The Info List - Pravda

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(Russian: Правда, IPA: [ˈpravdə] ( listen), "Truth") is a Russian broadsheet newspaper, formerly the official newspaper of the Communist Party of the Soviet Union, when it was one of the most influential papers in the country with a circulation of 11 million.[1] The newspaper began publication on 5 May 1912 in the Russian Empire, but was already extant abroad in January 1911.[2] It emerged as a leading newspaper of the Soviet Union
Soviet Union
after the October Revolution. The newspaper was an organ of the Central Committee of the CPSU between 1912 and 1991.[3] After the dissolution of the Soviet Union
Soviet Union
in 1991, Pravda
was sold off by Russian President Boris Yeltsin
Boris Yeltsin
to a Greek business family, and the paper came under the control of their private company Pravda International.[1][4] In 1996, there was an internal dispute between the owners of Pravda International and some of the Pravda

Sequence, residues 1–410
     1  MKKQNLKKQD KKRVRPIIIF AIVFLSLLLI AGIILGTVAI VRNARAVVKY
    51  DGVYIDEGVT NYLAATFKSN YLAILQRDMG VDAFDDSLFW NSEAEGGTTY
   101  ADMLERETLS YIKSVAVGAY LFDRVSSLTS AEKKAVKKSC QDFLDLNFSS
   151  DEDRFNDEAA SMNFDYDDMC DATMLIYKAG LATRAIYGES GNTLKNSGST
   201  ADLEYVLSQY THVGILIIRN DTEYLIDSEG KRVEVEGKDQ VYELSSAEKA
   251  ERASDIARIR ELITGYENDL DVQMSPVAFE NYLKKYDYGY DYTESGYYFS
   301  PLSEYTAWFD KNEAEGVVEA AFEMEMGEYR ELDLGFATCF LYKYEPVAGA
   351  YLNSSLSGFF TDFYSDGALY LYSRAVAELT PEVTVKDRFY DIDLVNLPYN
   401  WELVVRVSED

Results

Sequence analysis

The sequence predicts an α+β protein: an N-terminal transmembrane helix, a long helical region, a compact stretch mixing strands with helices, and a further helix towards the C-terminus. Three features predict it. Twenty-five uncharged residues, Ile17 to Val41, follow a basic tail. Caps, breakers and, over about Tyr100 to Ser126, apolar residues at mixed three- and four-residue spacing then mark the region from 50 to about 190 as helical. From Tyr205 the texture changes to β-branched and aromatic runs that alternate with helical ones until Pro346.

journalists which led to Pravda splitting into different entities. The Communist Party of the Russian Federation acquired the Pravda
paper, while some of the original Pravda
journalists separated to form Russia's first online paper (and the first online English paper) Pravda.ru, which is not connected to the Communist Party.[4][5] After a legal dispute between the rival parties, the Russian court of arbitration stipulated that both entities would be allowed to continue using the Pravda
name.[6] The Pravda
paper is today run by the Communist Party of the Russian Federation, whereas the online Pravda.ru is privately owned and has international editions published in Russian, English, Italian and Portuguese.


1 Origins

1.1 Pre-revolutionary Pravda 1.2 During the 1917 Revolution

2 Soviet period 3 Post-Soviet period 4 Editors-in-chief 5 See also 6 Notes and references 7 Further reading 8 External links

Origins[edit] Pre-revolutionary Pravda[edit] Though Pravda
officially began publication on 5 May 1912 (April 22, 1912 OS) which can be found on right site in the image, the anniversary of Karl Marx's birth, its origins trace back to 1903 when it was founded in Moscow
by a wealthy railway engineer, V.A. Kozhevnikov. Pravda
had started publishing in the light of the Russian Revolution of 1905.[7] During its earliest days, Pravda